Making a Balance Board
Here is how I made a balance board for my dad for Christmas. It wasn't an easy project, but it did end up turning out decent, so I was happy with it.
The design is basically my own, although I did get inspiration for the general shape and size of it from different sources online. Like most everything else, I first made it in Solidworks so that I had a general idea of how much wood I would need, and what it would look like when it was finished. Here is a picture of the Solidworks model.
I went to Home Depot to get the wood I needed for it. The problem is, not all Home Depots have maple in stock. Luckily, I have one that isn't too far away. I bought a 6 foot section of 1x6 maple, along with a a 6 foot section of 1x4 red oak. The maple was for the top, and the red oak was for the bottom. I also bought a 6 foot section of regular 2x6 lumber. This was for making the form that I would use to bend the red oak. Here is a look at the maple. The ripples are called flame. It is a relatively rare phenomenon, and probably even less common at a place like Home Depot.
I first printed out the templates for the bending forms. I then drew them on the 2x6, and cut it out with a band saw. I also figured out how to cut the maple in such a way that I could waste as little wood as possible, and then cut that out.
My next step was to start bending the red oak. I have two points to make here. 1. Bending 3/4 inch thick wood is not easy, and 2. Some clamps just aren't as strong as you might think they are. Or maybe wood is a lot stronger than you think it is. Bending the wood for this project was one of the most difficult things I have done. I started off by bending the long piece. This piece is supposed to arch across the board lengthwise. Now, don't laugh at my bending setup. It is actually thought through a lot more than it looks. Steam goes into the trash bag with the board, which heats up the wood to a nice toasty temperature. Then, while the board is still in the bag being steamed, it is bent by clamping it against the form with as much strength as my clamps could muster. And I got it bent on the second try! I only broke one clamp doing it.
The second board bending was a lot more difficult. It took three tries, 2 broken clamps, and 2 different pieces of wood to succeed. The main problem was that I was trying to bend a shorter piece of wood. However, the final bend looked really good. One picture shows the setup, and the rest show the board while bending.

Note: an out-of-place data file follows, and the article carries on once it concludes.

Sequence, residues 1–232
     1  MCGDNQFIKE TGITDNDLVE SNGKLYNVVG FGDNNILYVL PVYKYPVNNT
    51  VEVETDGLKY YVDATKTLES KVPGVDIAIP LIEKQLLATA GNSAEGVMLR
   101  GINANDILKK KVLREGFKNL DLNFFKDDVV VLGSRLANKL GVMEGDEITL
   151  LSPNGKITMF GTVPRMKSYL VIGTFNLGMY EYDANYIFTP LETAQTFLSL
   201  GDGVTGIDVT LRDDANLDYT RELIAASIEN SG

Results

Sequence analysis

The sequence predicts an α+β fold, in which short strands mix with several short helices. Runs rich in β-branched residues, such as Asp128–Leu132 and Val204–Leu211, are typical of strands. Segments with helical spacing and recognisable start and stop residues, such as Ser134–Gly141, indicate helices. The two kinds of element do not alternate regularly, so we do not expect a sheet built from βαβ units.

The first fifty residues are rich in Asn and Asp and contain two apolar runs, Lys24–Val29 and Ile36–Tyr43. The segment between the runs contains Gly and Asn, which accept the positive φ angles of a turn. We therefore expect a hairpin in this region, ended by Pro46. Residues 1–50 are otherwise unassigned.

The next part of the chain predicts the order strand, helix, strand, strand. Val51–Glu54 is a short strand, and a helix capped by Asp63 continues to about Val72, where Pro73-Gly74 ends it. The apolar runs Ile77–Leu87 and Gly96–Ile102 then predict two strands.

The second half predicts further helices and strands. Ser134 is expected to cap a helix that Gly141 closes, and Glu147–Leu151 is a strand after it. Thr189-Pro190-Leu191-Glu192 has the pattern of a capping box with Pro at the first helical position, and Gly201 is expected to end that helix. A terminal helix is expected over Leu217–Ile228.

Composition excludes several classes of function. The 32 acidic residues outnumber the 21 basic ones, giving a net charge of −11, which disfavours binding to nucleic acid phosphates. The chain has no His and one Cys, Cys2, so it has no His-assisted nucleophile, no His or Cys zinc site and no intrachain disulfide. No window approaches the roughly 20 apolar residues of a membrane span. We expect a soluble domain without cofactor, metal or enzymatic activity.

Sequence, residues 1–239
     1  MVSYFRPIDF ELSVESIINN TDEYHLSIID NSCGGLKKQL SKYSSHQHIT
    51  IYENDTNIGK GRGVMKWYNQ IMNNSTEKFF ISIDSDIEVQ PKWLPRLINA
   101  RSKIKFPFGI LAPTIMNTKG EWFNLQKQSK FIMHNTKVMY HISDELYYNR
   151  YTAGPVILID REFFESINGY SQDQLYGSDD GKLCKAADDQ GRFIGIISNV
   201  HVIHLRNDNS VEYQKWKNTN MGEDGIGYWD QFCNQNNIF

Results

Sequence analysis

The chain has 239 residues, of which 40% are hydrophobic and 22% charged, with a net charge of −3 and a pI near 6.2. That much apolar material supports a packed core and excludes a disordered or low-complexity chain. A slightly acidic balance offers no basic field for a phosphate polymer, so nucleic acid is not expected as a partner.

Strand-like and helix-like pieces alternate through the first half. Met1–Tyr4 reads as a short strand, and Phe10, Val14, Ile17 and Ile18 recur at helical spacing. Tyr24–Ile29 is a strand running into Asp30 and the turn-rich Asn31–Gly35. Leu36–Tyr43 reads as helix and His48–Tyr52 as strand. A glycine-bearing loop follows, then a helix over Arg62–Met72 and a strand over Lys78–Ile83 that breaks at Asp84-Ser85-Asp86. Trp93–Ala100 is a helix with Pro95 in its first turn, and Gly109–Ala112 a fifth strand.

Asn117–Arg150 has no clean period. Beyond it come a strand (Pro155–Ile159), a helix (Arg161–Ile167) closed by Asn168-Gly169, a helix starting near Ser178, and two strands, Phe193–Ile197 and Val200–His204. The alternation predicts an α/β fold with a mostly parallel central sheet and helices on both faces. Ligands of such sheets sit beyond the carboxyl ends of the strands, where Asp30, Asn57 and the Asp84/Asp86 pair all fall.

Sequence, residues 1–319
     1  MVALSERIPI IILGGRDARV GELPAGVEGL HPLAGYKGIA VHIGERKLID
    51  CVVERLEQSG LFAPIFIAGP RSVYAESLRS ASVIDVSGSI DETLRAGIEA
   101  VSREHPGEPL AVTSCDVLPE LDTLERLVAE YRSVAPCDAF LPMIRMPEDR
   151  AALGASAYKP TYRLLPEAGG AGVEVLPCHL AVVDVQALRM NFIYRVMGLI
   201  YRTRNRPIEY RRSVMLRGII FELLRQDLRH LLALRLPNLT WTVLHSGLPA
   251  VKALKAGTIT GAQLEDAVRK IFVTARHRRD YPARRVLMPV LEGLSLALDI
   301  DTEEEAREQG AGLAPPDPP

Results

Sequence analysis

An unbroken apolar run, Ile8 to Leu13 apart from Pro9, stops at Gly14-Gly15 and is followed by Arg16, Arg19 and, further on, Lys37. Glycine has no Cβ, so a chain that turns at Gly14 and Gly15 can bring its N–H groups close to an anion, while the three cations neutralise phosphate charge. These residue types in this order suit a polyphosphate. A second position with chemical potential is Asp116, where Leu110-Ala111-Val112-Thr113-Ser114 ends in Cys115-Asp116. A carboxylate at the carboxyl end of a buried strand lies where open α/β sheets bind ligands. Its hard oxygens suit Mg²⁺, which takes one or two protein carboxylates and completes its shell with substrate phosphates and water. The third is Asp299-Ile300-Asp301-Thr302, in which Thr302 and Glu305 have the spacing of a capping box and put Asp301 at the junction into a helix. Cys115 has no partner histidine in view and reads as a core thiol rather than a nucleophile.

Here is what the final bend looks like. And no, that black is not sharpie. I actually don't know why it happened.
Before I did anything else, I worked on gluing the top boards together. Unfortunately, the boards were not perfectly flush with each other on the first try. I tried to joint them by hand, but then gave up and used the table saw to cut them perfectly square instead. I then glued them together and planed the two sides relatively flat by hand. To draw a perfect ellipse, I looked up a method online that involved a string and two glue spots. It worked quite well. Then I cut the elliptical shape out using a band saw. However, I only have one picture from all of this.
The next step was to put the two bend boards together to form the base. This meant first cutting notches in each board so that they would fit together flush. I made the notch by using a saw to cut down half the board's thickness, and then using my Shinto rasp to remove the wood in the middle. Then I glued them together.
I then had to make the base flat. I first used a saw to cut off the ends of the boards so that they had a flat mating surface. A little work with the rasp then cleaned the faces up.
Gluing the base on was relatively easy. It just required a bunch of different clamps.
Next, I used the rasp to round the bottom of the base. I kept putting the balance board down and checking to see if it sat level. If it wasn't level, I would take away wood from certain areas until it was.
I then cleaned up some edges and sanded the whole thing. I know this is only one step, but sanding took a very long time. There is a lot of surface area here that needed sanded.
The only thing left is the finish! I applied one coat of natural varnish, and 3 layers of Deft gloss spray finish. I love how it made the flames pop!
Thanks for reading! I hope you enjoyed watching the process. I really enjoyed doing it.